This was probably peak Teplice, swatting aside Ferencváros in the subsequent UEFA Cup qualifying rounds, and falling to recent European finalists Mallorca, narrowly at Na Stínadlech despite a Verbíř goal.

Teplice claimed their first domestic silverware, the Czech Cup, in 2003, followed by another in 2009, though the real battle was the semi-final win over Sparta on penalties at Na Stínadlech, Verbíř converting his, as did a veteran Patrik Berger for the visitors.

AGC Aréna Na Stínadlech /Michal Kvasnica

A return to the UEFA Cup allowed Teplice to cause a few surprises, overcoming Miroslav Klose’s Kaiserslautern and Dirk Kuyt’s Feyenoord, before a late Henrik Larsson goal in Glasgow put the tie to bed against Celtic in the next round.  

Teplice missed out on Europe by one league place in 2012. By now, teams such as Viktoria Plzeň, FK Jablonec and Mladá Boleslav were the main provincial challengers to the Prague giants, and Teplice faded to mid-table also-rans, with no European participation since 2010.

The club remains at No.8 in the all-time league table since Czech independence, combative Bosnian midfielder Admir Ljevaković the foreign player who has made the most appearances in a stint that stretched from 2007 to 2022. His move into coaching while staying at Na Stínadlech may yet auger well for the future.

Stadium Guide

The field of dreams – and the story behind it

Though it celebrated its 50th anniversary in 2023, Na Stínadlech remains one of the most impressive grounds in the Czech League outside Prague, and the largest by capacity after Sparta and Slavia. Officially known as the AGC Aréna Na Stínadlech after the multinational glass company based in Teplice, the stadium was built as a showcase in what was a major manufacturing centre in former Czechoslovakia.

Even though tenants FK Teplice had little domestic or European pedigree – the club had only just played (and lost) an early round of the inaugural UEFA Cup – it was decided on a ‘build-it-and-they-will-come’ basis that the city should get the first all-seater stadium in the country.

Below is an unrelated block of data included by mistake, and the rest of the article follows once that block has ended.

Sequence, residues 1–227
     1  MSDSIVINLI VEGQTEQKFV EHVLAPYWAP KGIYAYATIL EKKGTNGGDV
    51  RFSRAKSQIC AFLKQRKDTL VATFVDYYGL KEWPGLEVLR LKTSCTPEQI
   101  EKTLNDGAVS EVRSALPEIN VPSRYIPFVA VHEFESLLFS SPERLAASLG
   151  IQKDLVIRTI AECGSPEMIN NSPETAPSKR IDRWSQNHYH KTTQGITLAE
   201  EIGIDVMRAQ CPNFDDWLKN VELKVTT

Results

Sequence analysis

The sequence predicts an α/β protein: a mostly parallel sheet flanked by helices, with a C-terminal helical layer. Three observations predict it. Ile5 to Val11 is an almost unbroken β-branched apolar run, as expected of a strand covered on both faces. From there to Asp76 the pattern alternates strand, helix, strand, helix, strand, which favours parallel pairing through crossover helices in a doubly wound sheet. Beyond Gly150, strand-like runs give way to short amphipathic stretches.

With a construction budget of Kč40 million – when the average salary was around Kč1,500 a month – the stadium was built in record time in order for it to be opened on Liberation Day, May 9 marking when Soviet troops entered Prague in 1945. It was even called Stadion 9. května with reference to the calendar.

Teplice’s opponents that day were Slavia Sofia and the event was attended by then FIFA president Sir Stanley Rous, a year before he was voted out of the role. The game took place in the afternoon as floodlights hadn’t yet been installed – Dukla Prague would be the visitors for the first floodlit game that October.

Attendances, which had dwindled to the hundreds in the 1980s at Teplice trod water in the second tier, picked up when games were rescheduled to Sunday mornings, coinciding with a popular market also held nearby.

Some 20 years after its opening, Na Stínadlech was renovated for the first time thanks to glass concern Glavunion taking over the club. Individual seating replaced the communal wooden benches and a roof was added to the East Stand, Východní tribuna, opposite the main West Stand, Západní tribuna, which had been covered since Day One. 

The stand behind the south goal, Jižní tribuna, was also given a roof and, along with the addition of a scoreboard behind the north goal, Severní tribuna, Na Stínadlech was granted the status of national stadium, for games outside Prague, at least.